Millions of women in China had their feet bound to turn them into "three inch golden lotuses". The practice was banned in 1912, but some people continue to do it in secret. It's best to start young.

Wang Lifen was just 7 years old when her mother started binding her feet: breaking her toes and binding them underneath the sole of the foot with bandages. After her mother died, Wang carried on, breaking the arch of her own foot to force her toes and heel ever closer. Now 79, Wang no longer remembers the pain.

"Because I bound my own feet, I could manipulate them more gently until the bones were broken. Young bones are soft, and break more easily," she says.

The long term damage is severe.

It's hard to imagine that anyone would subject themselves to that kind of torture, especially in a modern society where women have choices.

 
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Macro Acupuncture

by on Feb.19, 2011, under Culture, History

Chuanzhang, a ritual act of piercing a steel rod through the performer's cheek without bleeding or scars, highlights the folk festival held to commemorate a former female leader, Mme Xian, who commanded the local army in 6th century. Here are pictures of two men performing chuanzhang at Naojunpo festival in Shimen village of Fuwen town, Ding'an county in South China's Hainan province, Feb 16, 2011.
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Levitation Exposed

by on Aug.21, 2010, under Art, Culture, Recreation

If you've ever seen a magician perform levitation, you know there's a trick.  But figuring out how it's done is a challenge. The Maharishi Mahesh Yogi, founder of the Transcendal Meditation movement,  claimed to be able to levitate.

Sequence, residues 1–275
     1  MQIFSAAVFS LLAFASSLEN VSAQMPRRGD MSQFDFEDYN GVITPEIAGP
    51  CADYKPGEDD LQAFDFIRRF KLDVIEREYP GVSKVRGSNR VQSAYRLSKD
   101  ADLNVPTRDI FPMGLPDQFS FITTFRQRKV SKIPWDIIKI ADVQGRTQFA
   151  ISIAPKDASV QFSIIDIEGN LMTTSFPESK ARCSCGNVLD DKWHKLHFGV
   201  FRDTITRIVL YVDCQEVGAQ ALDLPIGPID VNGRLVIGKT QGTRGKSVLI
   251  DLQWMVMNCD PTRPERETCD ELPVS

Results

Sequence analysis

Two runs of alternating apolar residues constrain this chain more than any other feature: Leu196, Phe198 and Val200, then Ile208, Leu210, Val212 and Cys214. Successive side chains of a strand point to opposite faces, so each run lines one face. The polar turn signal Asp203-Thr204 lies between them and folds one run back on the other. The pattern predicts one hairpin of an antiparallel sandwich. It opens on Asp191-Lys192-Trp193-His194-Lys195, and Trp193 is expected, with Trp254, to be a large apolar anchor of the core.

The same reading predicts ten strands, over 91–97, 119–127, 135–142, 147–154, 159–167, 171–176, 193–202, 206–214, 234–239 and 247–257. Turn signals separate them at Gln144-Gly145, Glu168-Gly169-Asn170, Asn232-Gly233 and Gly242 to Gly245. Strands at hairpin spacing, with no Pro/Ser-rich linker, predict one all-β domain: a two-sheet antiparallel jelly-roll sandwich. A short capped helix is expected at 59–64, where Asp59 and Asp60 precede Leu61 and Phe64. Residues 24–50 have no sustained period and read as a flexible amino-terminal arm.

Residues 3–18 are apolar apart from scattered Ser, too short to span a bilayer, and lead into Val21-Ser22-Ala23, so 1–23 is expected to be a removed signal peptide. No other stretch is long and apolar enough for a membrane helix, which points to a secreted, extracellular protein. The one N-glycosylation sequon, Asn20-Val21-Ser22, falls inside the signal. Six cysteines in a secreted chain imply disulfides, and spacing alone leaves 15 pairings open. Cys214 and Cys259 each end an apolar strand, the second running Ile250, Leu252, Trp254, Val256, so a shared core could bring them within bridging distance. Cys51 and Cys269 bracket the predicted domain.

Some of his disciples and students from Maharishi International University in Fairfield, Iowa say they can levitate too.

Nonbelievers say it looks more like hopping.  Transcendental Meditationists say they just need to learn to maintain their focus longer.

But now the secret is going to be revealed.  Like Transcendental Meditation, it requires discipline, focus, and concentration.  It also requires a high threshold of pain.

First the hooks are inserted. They need to be in deeply enough so they can support the weight without tearing through.

Multiple cables spread the weight.  Lift slowly so the assistant can let her weight settle on the hooks.

As you can see, the trick is very simple.  For more complicated performances, additional rigging might be used.

Sometimes it's elaborate and takes a lot of preparation.

But all the effort pays off when you've performed the perfect illusion.

Next:  We expose the trick of sawing a woman in half.

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One Point Landing

by on Jul.28, 2010, under Health

Lu Jiang, a Chinese carpenter, didn't intend to get a piercing when he went to work a while ago.  He was working on the second floor of a new building when he slipped and fell. He landed on a solid metal bar that pierced him through his waist and exited out his neck on the other side of his body, missing all of his major organs. Lu said, "I hit the ground pretty hard but my first thought was 'God, I am still alive'. I could see my hands and my feet and nothing seemed to be broken but then I found I couldn't move and I thought my back was broken. "It was then that I felt a steel rod coming out of my back - and then realised it had gone in through the bottom of my body. "I was terrified - everyone was looking at me and some had covered their faces in horror - I was pinned like that for more than an hour until emergency services could cut me free."

Lu Jiang waiting for foreign object to be removed

43-year-old Lu was transferred to the local hospital in Sichuan, South East China, where the 120 cm x 2,5 cm steel rod was removed in a three-hour operation. "I am going to plant a tree in my garden and use this as a support rod to say thank you for the fact that I survived,"  said Lu, who is not concerned about the large amounts of lead and cadmium that might be in the rod.